The United States reached an astonishing milestone today (Nov. 9): 10 million total coronavirus cases have been diagnosed since the start of the pandemic, with case counts accelerating dramatically in recent weeks.
The country's total now stands at just over 10 million, according to Johns Hopkins University. It took just 10 days for the country to go from 9 million to 10 million cases, according to The Washington Post. That's compared with the more than 3 months it took the country to reach its first million cases, the Post reported.
The news comes amid skyrocketing daily case counts — the U.S. has reported more than 100,000 cases for five days in a row, according to the Post. That has been a trend the past week, as the country's seven-day average for new daily cases surpassed 100,000 for the first time during the pandemic. More than half of U.S. states have recorded their highest seven-day averages yet, with North Dakota, South Dakota and Wisconsin reporting the highest counts relative to their population, The New York Times reported.
Experts warned that the rise in cases would translate to more hospitalizations and deaths, which are already starting to increase across the country. Indeed, on Saturday (Nov 7), the U.S. reported 55,000 hospitalizations and 1,133 new deaths, up from an average of 45,000 hospitalizations and 823 deaths the week before, the Post reported.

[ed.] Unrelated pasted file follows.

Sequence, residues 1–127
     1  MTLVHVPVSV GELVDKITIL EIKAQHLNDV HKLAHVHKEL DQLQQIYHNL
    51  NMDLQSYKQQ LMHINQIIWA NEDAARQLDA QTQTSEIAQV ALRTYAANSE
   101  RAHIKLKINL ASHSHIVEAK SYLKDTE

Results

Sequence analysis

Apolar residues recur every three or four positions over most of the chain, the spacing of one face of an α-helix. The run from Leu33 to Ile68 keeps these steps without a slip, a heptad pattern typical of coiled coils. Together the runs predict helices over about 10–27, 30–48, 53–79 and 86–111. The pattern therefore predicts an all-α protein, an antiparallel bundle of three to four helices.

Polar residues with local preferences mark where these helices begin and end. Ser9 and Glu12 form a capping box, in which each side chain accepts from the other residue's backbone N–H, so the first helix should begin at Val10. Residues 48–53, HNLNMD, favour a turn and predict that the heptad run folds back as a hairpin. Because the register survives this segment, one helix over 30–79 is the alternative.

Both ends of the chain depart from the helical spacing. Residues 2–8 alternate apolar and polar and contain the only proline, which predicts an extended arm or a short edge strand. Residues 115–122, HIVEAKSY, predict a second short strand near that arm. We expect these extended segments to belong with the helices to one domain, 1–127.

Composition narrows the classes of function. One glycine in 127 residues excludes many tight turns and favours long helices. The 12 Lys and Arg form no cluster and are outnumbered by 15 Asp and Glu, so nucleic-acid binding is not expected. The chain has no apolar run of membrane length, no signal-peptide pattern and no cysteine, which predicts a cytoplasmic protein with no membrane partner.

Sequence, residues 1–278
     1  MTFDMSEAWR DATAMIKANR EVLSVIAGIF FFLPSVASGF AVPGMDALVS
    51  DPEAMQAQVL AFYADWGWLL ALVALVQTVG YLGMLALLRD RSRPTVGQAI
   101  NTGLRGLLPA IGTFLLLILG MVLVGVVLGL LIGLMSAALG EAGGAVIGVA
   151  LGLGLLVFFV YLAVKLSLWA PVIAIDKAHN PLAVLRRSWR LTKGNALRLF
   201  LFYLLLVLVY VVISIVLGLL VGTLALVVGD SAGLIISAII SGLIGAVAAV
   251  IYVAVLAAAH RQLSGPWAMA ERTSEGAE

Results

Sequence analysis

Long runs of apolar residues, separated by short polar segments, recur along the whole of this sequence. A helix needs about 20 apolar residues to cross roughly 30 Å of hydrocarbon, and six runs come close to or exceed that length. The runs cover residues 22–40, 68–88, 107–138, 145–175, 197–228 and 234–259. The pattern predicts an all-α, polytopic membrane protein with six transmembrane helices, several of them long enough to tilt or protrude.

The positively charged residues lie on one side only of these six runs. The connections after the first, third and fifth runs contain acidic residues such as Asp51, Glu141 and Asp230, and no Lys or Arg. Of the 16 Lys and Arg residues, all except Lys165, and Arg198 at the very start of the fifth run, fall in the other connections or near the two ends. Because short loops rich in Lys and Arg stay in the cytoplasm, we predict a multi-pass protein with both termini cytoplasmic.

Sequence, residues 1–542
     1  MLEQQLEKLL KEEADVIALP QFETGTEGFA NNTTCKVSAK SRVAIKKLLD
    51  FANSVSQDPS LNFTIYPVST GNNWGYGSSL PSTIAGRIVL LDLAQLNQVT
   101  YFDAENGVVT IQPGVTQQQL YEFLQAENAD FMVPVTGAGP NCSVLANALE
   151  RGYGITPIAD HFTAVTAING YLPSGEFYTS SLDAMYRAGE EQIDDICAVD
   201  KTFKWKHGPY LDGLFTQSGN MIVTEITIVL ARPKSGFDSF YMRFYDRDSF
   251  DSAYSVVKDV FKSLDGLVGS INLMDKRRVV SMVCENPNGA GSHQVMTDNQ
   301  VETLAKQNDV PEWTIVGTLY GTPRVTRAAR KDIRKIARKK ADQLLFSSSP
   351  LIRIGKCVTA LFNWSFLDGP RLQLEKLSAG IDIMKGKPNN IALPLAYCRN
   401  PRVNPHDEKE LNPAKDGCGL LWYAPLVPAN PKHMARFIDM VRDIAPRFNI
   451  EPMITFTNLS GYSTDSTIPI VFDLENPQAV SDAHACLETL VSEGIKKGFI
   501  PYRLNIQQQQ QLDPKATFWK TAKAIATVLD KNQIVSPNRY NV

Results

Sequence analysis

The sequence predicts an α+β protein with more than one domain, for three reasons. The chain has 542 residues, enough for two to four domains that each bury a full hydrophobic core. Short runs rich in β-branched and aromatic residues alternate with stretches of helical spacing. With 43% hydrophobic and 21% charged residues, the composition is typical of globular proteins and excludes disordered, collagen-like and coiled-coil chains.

"Things are moving rapidly in [the] wrong direction," Dr. Tom Inglesby, director of the Johns Hopkins Center for Health Security, wrote on Twitter. "With the election behind us, it's time for the U.S. to summon its best, unified effort to contain COVID," he said.
As of today, the U.S. has recorded at least 237,000 deaths from COVID-19, the highest of any country in the world.
Originally published on Live Science.
Live Science newsletter
Stay up to date on the latest science news by signing up for our Essentials newsletter.
Rachael is a Live Science contributor, and was a former channel editor and senior writer for Live Science between 2010 and 2022. She has a master's degree in journalism from New York University's Science, Health and Environmental Reporting Program. She also holds a B.S. in molecular biology and an M.S. in biology from the University of California, San Diego. Her work has appeared in Scienceline, The Washington Post and Scientific American.